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Keiser, S. (1950). 'Transference and Love.': Ludwig Jekels and Edmund Bergler.. Int. J. Psycho-Anal., 31:206-207.
Psychoanalytic Electronic Publishing: 'Transference and Love.': Ludwig Jekels and Edmund Bergler.

(1950). International Journal of Psycho-Analysis, 31:206-207

'Transference and Love.': Ludwig Jekels and Edmund Bergler.

Sylvan Keiser

The Psychoanalytic Quarterly, 1949, Vol. XVIII, p. 325.

The purpose of the paper is to investigate further and to seek for psychological motives which may explain Freud's statement that the ego employs object cathexis in order to avoid an increased damming up of libido in the ego. The authors discuss the wish to be loved, and state that spatial separation as an expression of anxiety is based fundamentally upon the feeling of the threat to narcissistic unity. The ego-ideal is regarded as a zone for which Eros and Thanatos battle. One root for the ego-ideal derives from the ego's ability to project the aggression on to objects. These feared objects are incorporated into the ego and become the subject of one's own narcissism. The second root of the ego-ideal is the ego's seeking to recover the early perfection that was wrested from it. The ego-ideal is suggested as being that displaceable neutral energy which Freud postulated as being capable of joining with either an erotic or destructive impulse. The ego-ideal stems from narcissistic reserves of the libido and is desexualized Eros.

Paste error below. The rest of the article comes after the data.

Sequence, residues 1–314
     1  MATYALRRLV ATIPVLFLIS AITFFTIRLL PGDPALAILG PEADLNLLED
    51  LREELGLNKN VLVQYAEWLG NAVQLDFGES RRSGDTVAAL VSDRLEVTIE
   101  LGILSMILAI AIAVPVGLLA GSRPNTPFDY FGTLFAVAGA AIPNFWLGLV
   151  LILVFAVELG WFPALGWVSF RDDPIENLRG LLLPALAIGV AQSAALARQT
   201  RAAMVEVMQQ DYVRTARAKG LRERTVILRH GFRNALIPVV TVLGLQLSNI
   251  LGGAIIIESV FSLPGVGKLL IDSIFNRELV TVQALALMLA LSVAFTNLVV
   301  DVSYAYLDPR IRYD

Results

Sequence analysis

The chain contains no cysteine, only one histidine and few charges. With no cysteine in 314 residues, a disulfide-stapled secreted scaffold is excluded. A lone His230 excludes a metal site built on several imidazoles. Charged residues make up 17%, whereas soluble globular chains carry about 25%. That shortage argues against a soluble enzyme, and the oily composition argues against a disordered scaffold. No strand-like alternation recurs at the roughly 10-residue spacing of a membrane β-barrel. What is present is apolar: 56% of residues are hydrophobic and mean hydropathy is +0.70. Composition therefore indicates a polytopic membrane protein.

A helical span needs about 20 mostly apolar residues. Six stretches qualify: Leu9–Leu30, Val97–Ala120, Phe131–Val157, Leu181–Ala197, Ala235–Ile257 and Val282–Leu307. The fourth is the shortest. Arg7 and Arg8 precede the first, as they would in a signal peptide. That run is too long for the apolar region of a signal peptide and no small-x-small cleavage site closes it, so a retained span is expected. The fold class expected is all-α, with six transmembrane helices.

In love the ego-ideal is projected on to the object and is reintrojected. Thus Eros becomes preeminent,

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since it has taken over the energy of the ego-ideal. The conclusion arrived at is that love is an attempt at recapturing narcissistic unity, the complete wholeness of the personality which the ego considers as endangered by the daimon, by guilt feelings which disturb narcissistic unity.

In transference the physician unites via projection the superego, ego-ideal and daimon. In negative transference the hatred is directed against the physician and the ego. In positive transference the patient wants to be loved by the ego-ideal. In love only the ego-ideal is projected; in transference both ego-ideal and daimon are projected.

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Article Citation [Who Cited This?]

Keiser, S. (1950). 'Transference and Love.'. Int. J. Psycho-Anal., 31:206-207

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